The United Arab Emirates overtook China with its biggest Treasury-buying spree on record in February, one of the worst months for US debt markets in years.
Treasury buying is a short-term financial instrument that is issued by the US Treasury with maturity periods ranging from a few days up to 52 weeks (one year). They are considered among the safest investments since they are backed by the full faith and credit of the United States Government.
When an investor buys a Treasury Bill, they are lending money to the government. The US Government uses the money to fund its debt and pay ongoing expenses such as salaries and military equipment.
OPEC’s third-biggest crude producer raised its stockpile by about $17 billion to $50.6 billion, making it the largest buyer after the UK that month, according to the US Treasury Department data.
Though Abu Dhabi, the UAE capital accounts for almost 6 percent of the world’s oil reserves, may have built up enough of a buffer to commit more if its dollar earnings to the $21 trillion Treasuries market, it came as prices tumbled amid growing expectations of a global economic rebound. US debt dropped 1.8 percent in February, according to data, with the yield on the benchmark 10-year note climbing about 34 basis points, its sharpest increase since November 2016.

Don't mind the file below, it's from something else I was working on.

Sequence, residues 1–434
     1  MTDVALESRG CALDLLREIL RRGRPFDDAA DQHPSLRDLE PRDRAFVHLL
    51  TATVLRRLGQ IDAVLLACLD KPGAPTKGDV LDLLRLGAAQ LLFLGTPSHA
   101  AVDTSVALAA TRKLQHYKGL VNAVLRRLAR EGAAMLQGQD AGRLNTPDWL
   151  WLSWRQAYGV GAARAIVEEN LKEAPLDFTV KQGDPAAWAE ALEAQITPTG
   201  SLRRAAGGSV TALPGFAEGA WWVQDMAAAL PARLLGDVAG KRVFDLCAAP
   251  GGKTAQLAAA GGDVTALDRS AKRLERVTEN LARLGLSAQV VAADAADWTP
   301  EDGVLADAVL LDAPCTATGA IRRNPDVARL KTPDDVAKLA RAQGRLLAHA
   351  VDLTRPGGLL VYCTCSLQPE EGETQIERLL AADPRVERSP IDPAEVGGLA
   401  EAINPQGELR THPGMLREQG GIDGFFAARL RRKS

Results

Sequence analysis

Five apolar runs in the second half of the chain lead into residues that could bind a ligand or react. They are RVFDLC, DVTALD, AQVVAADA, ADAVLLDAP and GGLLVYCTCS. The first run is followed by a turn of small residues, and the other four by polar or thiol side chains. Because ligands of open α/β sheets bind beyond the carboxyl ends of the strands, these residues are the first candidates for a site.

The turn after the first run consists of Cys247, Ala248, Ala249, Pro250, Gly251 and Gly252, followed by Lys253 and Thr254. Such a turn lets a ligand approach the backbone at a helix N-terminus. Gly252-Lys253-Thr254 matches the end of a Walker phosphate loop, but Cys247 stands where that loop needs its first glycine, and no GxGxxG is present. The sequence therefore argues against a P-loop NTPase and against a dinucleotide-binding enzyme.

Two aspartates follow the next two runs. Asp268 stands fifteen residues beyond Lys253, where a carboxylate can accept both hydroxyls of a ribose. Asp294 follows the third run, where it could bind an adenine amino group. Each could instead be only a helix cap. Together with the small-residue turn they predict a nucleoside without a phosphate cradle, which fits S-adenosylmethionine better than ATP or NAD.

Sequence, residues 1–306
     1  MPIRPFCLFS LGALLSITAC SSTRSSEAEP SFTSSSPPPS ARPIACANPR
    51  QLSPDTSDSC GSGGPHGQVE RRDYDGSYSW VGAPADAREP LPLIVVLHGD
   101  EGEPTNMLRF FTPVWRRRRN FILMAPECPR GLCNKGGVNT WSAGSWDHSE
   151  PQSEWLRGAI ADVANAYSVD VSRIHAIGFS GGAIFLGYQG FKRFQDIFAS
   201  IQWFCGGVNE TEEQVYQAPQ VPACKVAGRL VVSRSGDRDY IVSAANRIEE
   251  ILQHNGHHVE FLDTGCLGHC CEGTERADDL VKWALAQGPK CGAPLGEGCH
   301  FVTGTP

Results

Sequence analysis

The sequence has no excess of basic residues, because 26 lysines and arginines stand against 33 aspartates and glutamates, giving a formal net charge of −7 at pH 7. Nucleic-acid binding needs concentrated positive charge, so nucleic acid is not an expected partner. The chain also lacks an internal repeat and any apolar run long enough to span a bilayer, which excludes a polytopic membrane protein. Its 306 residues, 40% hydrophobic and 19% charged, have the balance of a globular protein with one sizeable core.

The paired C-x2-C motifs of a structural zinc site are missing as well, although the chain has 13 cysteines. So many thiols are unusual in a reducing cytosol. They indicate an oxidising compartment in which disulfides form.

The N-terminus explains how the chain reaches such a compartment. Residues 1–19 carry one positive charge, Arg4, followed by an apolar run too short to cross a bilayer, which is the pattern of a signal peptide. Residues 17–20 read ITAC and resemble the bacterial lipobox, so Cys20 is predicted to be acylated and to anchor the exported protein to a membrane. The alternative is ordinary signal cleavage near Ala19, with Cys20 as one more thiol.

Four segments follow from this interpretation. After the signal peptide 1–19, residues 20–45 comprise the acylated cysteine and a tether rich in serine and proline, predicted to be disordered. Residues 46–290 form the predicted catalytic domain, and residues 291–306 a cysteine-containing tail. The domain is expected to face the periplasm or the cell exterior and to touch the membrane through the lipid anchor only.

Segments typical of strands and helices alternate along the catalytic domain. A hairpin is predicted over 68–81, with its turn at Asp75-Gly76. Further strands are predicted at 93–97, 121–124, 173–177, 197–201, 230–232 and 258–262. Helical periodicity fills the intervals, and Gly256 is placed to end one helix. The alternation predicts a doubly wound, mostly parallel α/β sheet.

“Other than the fact that rates were higher and that is the deepest and most liquid market, I wouldn’t know any other reason” why the government would boost purchases, said Abdul Kadir Hussain, the Dubai-based head of fixed-income asset management at Arqaam Capital.
The move took UAE holdings to levels last seen in 2019 before the global pandemic and the crash in oil prices. China bought $9 billion of Treasuries in February to bring its total to $1.1 trillion, the highest since mid-2019.
Although a recovery in oil has been a boon across the energy-rich Middle East, the unexpected amount of money may be even bigger for the UAE since it needs one of the lowest crude prices to balance its budget. Other top oil exporters in the Persian Gulf, including Saudi Arabia and Kuwait, cut back their Treasury holdings in February.
The official tally
The official tally may not accurately reflect the true size of a country’s holdings if they are held by banks in foreign countries. Like many of its regional peers, the UAE needs to have sufficient reserves to maintain confidence in its currency peg to the dollar.
The International Monetary Fund (IMF) estimates the UAE central bank’s reserves will reach $119 billion this year, in addition to more than $1 trillion in assets managed by the country’s wealth funds.